Reunions were also a key transmedia trend in 2020. From their houses, actors connected with fans through different YouTube panels, songs, and table-reads. The YouTube channel Stars in The House, for instance, produced panels of the cast of The Flash, Star Trek: Voyager, and Melrose Place, among others, as well as remote plays and other entertainment during the pandemic. Much to the surprise of fans, even shows like The Nanny had casual reunions in the form of table-reads. The cast of High School Musical even reprised We Are All in This Together from home to inspire the fans in a difficult time.
Many celebrities connected these initiatives to fundraising. The executive producer of The X-Files, Frank Spotnitz, asked fans to submit lyrics to the theme song, which were then performed by the cast on YouTube. The resulting video compilation, Song in the Key of X, is a touching reunion of the crew. Recording from their homes, David Duchovny, Gillian Anderson and many others join from home to sing the fan lyrics: ‘Deep conspiracies / Unsolved mysteries / Spooky UFOS’.
Zoom Fatigue to Wellness
While innovation has sparked because of these changes, it also went paired with negativity and overkill. “Zoom fatigue” became the buzz word of 2020, medicalizing this condition, pairing it with anxiety, exhaustion and fear of burn-out. Geert Lovink carefully unpacked this new phenomenon in The Anatomy of Zoom Fatigue, and writes: “Zoom fatigue arises because it is so directly related to the “bullshit job” reality of our office existences. What is supposed to be personal, turns out to be social. What is supposed to be social, turns out to be formal, boring and (most likely) unnecessary.”
No wonder then that wellness products and media have skyrocketed during the pandemic. luxury from home, online yoga classes, Others vow for minimizing screen time, creating a resurgence of the digital detox trend. Mindful media consumption and the creation of a strict media diet helped some deal with the uncertainty and make space for new hobbies. It’s no wonder that pandemic baking, scrapbooking and meditation were also booming trends to counter the considerable media use. These wholesome activities also created a sense of bonding in a challenging time. Remember March 2020? One of the trending hashtags on Instagram was #isolationcreation to share bakes, paintings and crafting made in the early days of the lockdown.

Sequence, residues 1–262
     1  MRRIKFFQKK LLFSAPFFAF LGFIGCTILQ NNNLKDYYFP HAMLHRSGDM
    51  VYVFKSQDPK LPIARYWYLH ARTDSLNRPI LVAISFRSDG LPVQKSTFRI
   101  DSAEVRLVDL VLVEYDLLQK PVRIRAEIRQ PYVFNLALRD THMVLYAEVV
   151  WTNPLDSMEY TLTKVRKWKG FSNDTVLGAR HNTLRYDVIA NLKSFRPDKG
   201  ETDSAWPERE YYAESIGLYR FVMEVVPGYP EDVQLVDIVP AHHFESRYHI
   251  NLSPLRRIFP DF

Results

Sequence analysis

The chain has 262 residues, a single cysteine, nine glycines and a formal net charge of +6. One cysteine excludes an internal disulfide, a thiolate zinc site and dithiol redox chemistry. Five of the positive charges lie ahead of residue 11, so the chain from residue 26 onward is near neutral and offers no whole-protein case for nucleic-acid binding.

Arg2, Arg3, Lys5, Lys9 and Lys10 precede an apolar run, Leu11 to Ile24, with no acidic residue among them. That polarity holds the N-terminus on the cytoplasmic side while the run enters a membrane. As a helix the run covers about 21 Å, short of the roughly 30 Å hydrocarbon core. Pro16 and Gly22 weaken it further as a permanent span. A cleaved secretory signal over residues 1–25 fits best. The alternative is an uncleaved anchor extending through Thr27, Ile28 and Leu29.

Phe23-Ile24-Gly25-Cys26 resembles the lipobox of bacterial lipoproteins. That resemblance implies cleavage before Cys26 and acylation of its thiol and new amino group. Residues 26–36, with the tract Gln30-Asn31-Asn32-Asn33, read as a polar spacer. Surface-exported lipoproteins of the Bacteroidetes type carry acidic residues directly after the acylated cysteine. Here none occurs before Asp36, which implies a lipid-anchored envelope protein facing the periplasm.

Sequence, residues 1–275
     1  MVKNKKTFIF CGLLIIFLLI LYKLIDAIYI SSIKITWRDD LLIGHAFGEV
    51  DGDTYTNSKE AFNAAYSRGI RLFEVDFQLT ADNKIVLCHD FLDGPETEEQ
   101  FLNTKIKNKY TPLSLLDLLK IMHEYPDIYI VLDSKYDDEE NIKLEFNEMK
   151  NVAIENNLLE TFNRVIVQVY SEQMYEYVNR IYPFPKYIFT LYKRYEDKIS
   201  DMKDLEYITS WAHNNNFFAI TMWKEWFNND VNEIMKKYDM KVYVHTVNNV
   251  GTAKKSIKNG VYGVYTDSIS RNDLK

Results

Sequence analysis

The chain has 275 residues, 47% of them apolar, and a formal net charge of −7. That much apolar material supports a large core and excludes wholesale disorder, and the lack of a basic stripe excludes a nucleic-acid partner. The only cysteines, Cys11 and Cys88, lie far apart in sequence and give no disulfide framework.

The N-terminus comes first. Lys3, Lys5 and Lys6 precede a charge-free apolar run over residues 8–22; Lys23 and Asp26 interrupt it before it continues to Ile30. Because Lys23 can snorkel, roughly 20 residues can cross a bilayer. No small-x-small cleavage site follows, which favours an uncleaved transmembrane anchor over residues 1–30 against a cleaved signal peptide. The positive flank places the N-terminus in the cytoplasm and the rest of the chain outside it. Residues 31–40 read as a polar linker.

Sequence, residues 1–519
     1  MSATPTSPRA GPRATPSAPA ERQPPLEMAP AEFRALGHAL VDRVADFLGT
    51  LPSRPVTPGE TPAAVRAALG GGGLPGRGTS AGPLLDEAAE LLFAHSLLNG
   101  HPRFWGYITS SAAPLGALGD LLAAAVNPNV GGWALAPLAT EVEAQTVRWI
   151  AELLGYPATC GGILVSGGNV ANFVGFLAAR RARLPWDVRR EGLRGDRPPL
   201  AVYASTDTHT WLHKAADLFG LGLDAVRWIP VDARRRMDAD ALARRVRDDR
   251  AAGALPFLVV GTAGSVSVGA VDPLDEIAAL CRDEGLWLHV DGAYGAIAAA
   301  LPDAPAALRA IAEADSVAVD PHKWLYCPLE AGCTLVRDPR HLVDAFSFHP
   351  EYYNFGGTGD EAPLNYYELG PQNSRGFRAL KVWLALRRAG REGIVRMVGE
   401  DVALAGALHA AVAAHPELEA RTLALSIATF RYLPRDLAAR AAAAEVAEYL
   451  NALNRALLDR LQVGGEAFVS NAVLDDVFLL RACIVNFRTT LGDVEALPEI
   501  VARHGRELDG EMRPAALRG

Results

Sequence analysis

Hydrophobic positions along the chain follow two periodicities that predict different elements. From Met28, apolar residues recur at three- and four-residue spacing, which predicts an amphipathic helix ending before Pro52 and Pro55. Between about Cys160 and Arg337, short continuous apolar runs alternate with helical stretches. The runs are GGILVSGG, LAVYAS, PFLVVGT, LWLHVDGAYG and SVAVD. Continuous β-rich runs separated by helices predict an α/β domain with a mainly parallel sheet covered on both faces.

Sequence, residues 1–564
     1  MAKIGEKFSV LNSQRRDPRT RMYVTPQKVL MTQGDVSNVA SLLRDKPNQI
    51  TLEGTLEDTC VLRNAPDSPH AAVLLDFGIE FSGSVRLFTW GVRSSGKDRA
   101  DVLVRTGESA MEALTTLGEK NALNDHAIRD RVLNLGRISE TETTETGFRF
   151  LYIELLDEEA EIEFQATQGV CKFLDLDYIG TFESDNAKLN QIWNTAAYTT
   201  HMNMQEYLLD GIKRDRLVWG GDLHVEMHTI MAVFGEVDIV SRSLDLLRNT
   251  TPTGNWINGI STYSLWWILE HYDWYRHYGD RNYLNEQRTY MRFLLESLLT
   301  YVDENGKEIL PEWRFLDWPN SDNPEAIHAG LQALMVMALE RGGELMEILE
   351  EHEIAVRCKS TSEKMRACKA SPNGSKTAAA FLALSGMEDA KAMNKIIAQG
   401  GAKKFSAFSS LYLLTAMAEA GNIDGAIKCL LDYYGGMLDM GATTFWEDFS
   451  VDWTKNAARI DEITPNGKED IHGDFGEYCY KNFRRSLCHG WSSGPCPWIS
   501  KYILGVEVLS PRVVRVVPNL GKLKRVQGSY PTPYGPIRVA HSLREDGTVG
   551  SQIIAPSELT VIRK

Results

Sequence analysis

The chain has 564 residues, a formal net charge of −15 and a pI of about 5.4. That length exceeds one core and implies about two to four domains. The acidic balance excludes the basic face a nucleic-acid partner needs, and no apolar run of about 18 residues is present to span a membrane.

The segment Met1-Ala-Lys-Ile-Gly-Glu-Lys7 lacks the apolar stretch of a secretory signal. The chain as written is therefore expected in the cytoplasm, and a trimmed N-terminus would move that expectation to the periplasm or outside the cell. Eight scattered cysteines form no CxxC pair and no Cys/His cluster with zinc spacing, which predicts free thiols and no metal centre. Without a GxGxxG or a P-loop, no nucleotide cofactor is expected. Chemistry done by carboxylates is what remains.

Queer Media and Culture Revival
Fatigue and welness go hand in hand. During lockdown, Instagram shifted from a culture of happiness and sourdough bread, Annelot Prins notes, to one of grit, emotional realness and mental health discourses. We were pulled apart by exhaustion and collective depression on the one hand, and crafting and mindfulness on the other. An early lockdown article in Vice by Daisy Jones described lockdown culture aptly as lesbian culture, noting the parallels like DYI haircuts, gardening, nature walks and homemade cooking.